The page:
Big Trouble For Biden

Gage Skidmore from Peoria, AZ, United States of America, CC BY-SA 2.0 , via Wikimedia Commons

Joe Biden is clearly in big trouble with voters after a new public opinion poll found his public approval rating keeps hovering around the lowest levels of his presidency.

Biden had 40% public approval in early July amid “economic worries continu[ing] to trouble Americans,” the survey by Reuters and Ipsos discovered.

“Do you approve or disapprove of the way Joe Biden is handling his job as president?” the poll asked respondents online, as cited by Newsmax.

The new result shows a slight decline in the 80-year-old president’s approval rating by one percentage point, down from 41% in early June, within its margin of statistical error.

Most poll respondents – 21% – said the state of the US economy was their biggest concern, while 15% pointed out crime or corruption.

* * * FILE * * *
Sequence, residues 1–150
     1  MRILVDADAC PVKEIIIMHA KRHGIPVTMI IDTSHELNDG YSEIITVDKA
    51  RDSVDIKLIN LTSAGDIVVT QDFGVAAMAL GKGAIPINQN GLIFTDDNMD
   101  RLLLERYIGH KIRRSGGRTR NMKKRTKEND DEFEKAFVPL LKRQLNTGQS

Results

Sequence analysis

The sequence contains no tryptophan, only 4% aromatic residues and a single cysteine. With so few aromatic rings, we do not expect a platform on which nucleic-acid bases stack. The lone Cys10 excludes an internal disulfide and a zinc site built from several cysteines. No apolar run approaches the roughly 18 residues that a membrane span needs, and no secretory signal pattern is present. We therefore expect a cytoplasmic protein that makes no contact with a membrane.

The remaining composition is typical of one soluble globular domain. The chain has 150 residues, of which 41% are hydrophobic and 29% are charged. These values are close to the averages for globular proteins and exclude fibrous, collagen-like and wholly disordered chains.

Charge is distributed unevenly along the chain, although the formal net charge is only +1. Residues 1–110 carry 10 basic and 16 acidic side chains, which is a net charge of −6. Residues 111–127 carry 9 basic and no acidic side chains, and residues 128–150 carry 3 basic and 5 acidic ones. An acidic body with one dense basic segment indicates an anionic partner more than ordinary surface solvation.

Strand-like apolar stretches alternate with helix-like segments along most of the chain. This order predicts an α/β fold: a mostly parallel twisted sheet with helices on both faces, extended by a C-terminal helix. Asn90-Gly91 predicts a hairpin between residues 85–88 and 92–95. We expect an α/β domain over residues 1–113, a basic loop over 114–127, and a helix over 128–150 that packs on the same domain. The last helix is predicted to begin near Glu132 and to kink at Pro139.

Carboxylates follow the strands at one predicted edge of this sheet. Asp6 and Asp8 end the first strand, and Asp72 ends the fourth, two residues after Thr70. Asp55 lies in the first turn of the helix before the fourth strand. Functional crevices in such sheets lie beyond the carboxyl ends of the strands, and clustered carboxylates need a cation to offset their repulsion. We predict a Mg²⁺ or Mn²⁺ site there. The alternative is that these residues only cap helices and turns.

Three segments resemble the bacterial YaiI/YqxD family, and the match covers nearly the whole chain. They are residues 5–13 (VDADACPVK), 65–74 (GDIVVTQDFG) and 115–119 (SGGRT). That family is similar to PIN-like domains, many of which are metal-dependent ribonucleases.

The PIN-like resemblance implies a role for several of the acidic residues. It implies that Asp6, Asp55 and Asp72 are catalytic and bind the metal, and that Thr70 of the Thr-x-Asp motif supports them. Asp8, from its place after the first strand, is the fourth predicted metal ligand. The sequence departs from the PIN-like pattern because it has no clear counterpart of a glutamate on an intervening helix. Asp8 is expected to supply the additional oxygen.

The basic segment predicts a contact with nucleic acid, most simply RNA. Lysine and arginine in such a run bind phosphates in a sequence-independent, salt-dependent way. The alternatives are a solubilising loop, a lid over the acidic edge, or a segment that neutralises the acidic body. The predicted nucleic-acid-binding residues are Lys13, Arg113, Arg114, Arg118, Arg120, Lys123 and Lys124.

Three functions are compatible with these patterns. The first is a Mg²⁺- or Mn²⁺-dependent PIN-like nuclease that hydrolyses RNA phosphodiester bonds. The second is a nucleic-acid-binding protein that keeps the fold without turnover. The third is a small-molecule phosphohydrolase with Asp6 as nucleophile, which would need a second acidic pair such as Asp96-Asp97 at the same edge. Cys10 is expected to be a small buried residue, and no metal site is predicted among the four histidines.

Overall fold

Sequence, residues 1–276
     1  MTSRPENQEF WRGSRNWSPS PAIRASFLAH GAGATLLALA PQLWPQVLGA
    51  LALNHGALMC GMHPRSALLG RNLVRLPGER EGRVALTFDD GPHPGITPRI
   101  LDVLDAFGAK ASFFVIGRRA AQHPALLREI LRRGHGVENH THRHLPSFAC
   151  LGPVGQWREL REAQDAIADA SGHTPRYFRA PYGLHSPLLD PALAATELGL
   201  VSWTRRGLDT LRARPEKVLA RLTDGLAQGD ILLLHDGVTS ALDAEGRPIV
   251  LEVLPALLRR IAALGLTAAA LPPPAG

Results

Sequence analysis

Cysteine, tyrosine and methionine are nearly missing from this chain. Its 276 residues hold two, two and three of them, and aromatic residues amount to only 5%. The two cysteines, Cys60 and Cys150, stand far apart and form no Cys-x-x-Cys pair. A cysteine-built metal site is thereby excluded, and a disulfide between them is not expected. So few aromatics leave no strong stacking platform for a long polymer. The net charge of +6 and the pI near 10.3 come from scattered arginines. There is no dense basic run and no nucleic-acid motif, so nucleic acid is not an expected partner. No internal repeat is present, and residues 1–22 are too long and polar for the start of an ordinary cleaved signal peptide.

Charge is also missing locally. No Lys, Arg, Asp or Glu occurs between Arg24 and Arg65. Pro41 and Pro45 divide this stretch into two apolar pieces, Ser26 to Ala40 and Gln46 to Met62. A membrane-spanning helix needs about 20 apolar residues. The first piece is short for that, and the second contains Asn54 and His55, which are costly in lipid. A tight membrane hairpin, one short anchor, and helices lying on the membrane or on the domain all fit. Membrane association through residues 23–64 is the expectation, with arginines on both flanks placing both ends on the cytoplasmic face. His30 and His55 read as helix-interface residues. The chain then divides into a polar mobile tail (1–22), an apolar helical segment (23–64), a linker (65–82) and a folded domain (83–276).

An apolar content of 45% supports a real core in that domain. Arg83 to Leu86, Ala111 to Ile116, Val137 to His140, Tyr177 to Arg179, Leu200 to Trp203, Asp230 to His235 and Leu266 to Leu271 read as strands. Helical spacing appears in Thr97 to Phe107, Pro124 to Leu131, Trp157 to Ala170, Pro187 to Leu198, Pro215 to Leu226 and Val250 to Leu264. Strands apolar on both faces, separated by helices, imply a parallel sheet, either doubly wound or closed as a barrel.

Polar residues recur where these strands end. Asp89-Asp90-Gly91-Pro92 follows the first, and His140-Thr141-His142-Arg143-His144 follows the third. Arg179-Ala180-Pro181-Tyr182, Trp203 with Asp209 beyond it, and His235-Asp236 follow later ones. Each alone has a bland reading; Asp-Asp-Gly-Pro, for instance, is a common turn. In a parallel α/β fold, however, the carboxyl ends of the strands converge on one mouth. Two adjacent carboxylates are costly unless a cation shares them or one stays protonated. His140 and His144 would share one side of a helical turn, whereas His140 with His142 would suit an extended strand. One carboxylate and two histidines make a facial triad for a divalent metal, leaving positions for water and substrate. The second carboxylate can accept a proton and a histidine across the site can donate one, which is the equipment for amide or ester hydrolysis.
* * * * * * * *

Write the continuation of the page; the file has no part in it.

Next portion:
“The White House in recent weeks has kicked off a series of events aimed to lift Americans’ dour mood about the economy, touting what it calls the Democrat president’s ‘Bidenomics’ agenda,” Reuters comments.

It notes that Biden’s current rating is practically the same as the 41% that his GOP predecessor Donald Trump had at the same point of his White House.

It adds that is a “relatively low number” in comparison with their predecessors from the past couple of decades, two-term presidents Barack Obama (in office 2009-2017) and George W. Bush (in office 2001-2009).

The Reuters – Ipsos poll also asked American voters how they viewed the recent decision of the US Supreme Court to practically kill President Joe Biden’s $400 billion student law forgiveness program by declaring that it requires congressional approval.

Thus, 49% said they supported the ruling, while 48% opposed it, thus favoring the plan to shift the loan burden to all US taxpayers.

Most respondents – 60% – supported another recent Supreme Court ruling – to end affirmative action or race-based college admissions.

About 70% of those polled declared they favored term limits for Supreme Court justices – including 56% of Republican Party voters and 85% of Democratic Party voters.

The Reuters – Ipsos poll was conducted online among a nationally representative sample of 1,028 American adults with a margin of error of 3 percentage points.